Relocated myself to this sunny spacious Artist in Residence studio at Northcote Pottery from September to December 2016.
My residency aims were to:
- Question what type of vessel I might make
- Use the frequent firing of kilns downstairs to explore different clay bodies and test a new green glaze
- Use the increased studio space to make bigger work.
12 months later, I'm finally presenting the outcomes of this fabulous time.
For more details on the NPS Residency information go to: https://northcotepotterysupplies.com.au/pages/artist-in-residence
Glorious light filled studio, plenty of space, access to materials, expertise and daily firings
This vessel is the culmination of my work at the AIR. It is now proudly part of the Northcote Pottery Ceramic Collection.
This work answers how I could bring my love of sculptural fluidity found in my tree work into a vessel. The form is partially built from coil pinching and then extended an overlapped wit additional pinched and textured slabs.
Iron based clays and the use of slips highlights my new stoneware glaze which is a brighter, crisper green.
The engobe that I use for painted surfaces has been used to highlight texture from a plaster slab. The texture is of my finger impressions.
This bridging piece links two technical concerns, my pinched sculptural hollow vessels with hand-pinched trees.
This next series asks, 'how can I create the fluidity of my tree forms within a vessels'.
Looking at baskets as a vessels, in particular handles. Baskets are based on woven cane baskets from my childhood home.
Inevitable process issues, 's' cracks in poorly compressed base. Also rim cracking from the weight of handles.
I spread my creative work around research, writing, teaching and making. I had reached a stage in my studio practice where I needed to ‘bite the bullet’ and sort a glaze colourant that was no longer available.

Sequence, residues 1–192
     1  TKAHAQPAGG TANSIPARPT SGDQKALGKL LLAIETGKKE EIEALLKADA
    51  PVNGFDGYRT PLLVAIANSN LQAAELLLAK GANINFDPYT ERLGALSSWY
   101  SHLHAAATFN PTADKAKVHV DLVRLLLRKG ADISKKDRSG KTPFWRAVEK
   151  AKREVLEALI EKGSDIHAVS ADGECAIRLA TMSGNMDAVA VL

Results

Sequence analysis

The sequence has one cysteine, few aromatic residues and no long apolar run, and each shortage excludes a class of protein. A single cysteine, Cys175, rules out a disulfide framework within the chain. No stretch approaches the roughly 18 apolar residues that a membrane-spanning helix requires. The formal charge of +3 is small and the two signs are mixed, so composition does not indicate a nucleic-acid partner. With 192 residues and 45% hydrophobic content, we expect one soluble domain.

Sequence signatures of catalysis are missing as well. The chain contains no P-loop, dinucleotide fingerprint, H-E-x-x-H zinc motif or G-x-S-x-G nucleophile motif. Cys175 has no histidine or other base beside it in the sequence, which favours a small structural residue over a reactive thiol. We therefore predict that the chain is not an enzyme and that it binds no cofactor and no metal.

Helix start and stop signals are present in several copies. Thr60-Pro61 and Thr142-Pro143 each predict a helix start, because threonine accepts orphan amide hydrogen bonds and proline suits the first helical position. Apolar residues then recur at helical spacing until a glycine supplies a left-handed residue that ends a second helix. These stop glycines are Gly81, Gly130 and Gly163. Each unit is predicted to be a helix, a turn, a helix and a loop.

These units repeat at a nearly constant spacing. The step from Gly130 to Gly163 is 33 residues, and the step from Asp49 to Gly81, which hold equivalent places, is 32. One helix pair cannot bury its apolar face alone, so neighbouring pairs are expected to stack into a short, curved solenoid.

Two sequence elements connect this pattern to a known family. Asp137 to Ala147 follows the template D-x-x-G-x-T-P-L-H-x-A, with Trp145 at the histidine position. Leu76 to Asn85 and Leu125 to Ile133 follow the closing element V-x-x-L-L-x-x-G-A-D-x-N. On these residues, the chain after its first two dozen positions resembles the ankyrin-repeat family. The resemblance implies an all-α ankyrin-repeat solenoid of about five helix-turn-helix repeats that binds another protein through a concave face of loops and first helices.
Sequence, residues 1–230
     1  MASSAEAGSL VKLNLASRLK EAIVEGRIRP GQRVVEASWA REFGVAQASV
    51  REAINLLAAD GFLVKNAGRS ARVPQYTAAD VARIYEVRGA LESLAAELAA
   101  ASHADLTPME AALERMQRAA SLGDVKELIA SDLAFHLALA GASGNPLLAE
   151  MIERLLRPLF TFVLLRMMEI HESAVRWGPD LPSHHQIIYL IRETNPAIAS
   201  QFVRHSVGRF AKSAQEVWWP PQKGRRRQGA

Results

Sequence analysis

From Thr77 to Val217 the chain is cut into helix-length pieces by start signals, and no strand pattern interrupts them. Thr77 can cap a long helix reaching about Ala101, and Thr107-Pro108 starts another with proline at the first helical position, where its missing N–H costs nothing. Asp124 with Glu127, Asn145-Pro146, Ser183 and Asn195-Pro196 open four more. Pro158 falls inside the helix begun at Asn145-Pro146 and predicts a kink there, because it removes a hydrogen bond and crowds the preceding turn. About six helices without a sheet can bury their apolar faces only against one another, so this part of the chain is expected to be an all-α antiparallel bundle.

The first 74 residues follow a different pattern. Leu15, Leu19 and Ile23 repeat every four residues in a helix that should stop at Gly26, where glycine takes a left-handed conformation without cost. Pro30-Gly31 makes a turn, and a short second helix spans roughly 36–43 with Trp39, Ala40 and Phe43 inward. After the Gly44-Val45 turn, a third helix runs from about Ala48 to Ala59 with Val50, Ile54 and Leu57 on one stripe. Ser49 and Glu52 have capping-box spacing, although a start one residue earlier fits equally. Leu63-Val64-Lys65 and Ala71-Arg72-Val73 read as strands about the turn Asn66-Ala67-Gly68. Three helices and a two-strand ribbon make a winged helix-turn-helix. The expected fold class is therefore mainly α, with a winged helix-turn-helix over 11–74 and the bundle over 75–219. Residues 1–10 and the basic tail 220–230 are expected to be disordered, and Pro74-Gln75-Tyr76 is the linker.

My residency at Northcote Pottery enabled me to run one to two day tests on different oxide and stain colourants on a range of different bodies. In my studio, it would take months for me to make enough work to run the large kilns so often.
I also took the opportunity to break away from the purely sculptural forms that I had been creating since graduating from RMIT. My creative proposal to Northcote Pottery was to solve a question: What Vessel Might I Make? The comparatively generous space and brilliant natural light of the Northcote Studio allowed me to make larger scale vessels and to have all works on display at the same time to compare shape and form. I was also able to nut-out a way of greatly increasing the scale my sculptural trees.
I really appreciated the creative people around me, my fellow studio artist and the staff at Northcote Pottery who were a wealth of knowledge and interest.
At the completion of my Artist in Residency, I had the major realisation that a residency doesn’t mean relocating to an entirely new culture or ‘oversees’. Undertaking a residency is a mindset, and at Northcote I set projects and came up with many new technical and creative directions that I am still working through today.